Chilean Journalist Wins Award to Lecture and Research at Barnard College of Columbia University

Alejandra Matus, a Chilean journalist and academic, has been awarded the 2018 Weiss Fellowship for Visiting International Scholars, which was established to support visits by international critics and scholars to Barnard College of Columbia University in New York. Between September 30 and October 10 Matus will deliver a public lecture and lead a workshop for students on the  role of women in media, the relationship between governments and the press, and the causes and consequences of “fake news”. In addition, she will working with professor of history Nara Milanich on shared research. 

June 30, 2018

Matus is an award-winning and internationally-recognized Chilean journalist and writer. She first became known by the controversy surrounding her first book, “El Libro Negro de la Justicia Chilena” (The Black Book of Chilean Justice). Published in 1999,  it exposed the deep roots of corruption in Chile’s judicial system and how judges had closely collaborated with the dictatorship of Augusto Pinochet. One day after its release, the Chief Justice of the Supreme Court ordered the confiscation of all copies, and Matus herself was threatened with imprisonment. Even though the dictatorship had ended nine years earlier, the book faced censorship laws still in place from that period. Forced to flee Chile, she was granted political asylum in the United States. Today her experience is featured in the Newseum, a museum in Washington DC devoted to promoting   freedom of the press.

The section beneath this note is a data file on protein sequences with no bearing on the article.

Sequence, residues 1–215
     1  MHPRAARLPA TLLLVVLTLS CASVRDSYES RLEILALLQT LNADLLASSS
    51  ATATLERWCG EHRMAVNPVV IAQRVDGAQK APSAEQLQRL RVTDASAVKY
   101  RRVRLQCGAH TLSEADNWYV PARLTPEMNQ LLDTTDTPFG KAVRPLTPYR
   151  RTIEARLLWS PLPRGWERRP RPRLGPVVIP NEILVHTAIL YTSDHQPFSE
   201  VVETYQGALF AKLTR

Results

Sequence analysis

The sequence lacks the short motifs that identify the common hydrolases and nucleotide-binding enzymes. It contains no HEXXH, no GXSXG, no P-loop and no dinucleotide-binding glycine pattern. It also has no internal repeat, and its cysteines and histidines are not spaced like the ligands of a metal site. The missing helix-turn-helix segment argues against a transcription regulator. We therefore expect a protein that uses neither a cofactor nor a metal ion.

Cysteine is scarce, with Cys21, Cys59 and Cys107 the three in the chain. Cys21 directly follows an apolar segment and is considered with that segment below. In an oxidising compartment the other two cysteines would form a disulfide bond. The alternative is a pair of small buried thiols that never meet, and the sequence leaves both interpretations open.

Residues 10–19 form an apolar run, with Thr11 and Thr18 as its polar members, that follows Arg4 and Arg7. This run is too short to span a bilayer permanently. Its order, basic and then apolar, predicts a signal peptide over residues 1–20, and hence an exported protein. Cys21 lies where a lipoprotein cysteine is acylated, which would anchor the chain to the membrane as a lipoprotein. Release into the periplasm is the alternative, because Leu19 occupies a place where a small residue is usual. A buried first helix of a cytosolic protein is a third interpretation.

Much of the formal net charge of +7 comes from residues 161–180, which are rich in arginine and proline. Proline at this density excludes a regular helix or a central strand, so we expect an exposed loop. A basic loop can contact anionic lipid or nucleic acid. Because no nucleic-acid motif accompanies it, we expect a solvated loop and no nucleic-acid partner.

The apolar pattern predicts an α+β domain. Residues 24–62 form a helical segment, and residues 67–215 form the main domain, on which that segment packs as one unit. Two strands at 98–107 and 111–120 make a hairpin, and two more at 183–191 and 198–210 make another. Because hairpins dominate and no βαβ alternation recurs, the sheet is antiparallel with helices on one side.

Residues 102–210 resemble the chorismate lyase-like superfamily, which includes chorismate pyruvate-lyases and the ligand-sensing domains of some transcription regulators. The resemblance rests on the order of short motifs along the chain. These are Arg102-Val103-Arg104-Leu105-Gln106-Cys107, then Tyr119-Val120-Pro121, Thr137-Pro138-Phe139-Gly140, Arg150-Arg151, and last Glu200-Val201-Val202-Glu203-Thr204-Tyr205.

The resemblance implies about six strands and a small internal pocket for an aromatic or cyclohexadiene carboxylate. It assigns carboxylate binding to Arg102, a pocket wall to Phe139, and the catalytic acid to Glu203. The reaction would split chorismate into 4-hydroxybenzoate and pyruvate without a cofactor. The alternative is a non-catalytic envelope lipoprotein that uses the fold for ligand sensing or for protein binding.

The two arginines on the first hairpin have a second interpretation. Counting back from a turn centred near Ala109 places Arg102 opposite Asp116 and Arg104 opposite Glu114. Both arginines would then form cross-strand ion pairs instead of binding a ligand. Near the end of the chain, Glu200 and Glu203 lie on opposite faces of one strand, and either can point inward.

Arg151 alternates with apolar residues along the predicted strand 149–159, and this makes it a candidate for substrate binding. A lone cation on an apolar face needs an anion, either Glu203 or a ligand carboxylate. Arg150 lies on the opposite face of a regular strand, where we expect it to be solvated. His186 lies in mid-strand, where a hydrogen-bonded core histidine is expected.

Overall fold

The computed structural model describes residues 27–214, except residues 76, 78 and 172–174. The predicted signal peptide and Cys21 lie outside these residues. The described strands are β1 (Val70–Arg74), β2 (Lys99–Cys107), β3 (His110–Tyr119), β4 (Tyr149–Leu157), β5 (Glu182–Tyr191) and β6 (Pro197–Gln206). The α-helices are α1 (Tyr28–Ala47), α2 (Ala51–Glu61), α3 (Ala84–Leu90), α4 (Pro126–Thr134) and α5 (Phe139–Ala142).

Matus went on to become a prolific, wide-ranging, and influential investigative journalist. She won the Ortega y Gasset Prize, a major award for  Spanish-speaking journalists, and also received  Harvard’s Neiman Fellowship in 2010.

She is the author of multiple books, including one on freedom of speech in Chile (“Injusticia Duradera”, 2001); an unauthorized biography of the wife of Pinochet (“Doña Lucía”, 2013), which was the best-selling book in Chile in 2014 and is now in its eleventh edition; and, most recently, an investigation of Chile’s private pension system (“Mitos y Verdades de las AFP”, 2017). She is also co-author of several books on human rights. Currently, Matus is on the faculty of the School of Journalism at the University of Diego Portales (UDP) in Santiago, where she teaches and lectures on the media, power, and society, as well as on writing chronicles and profiles.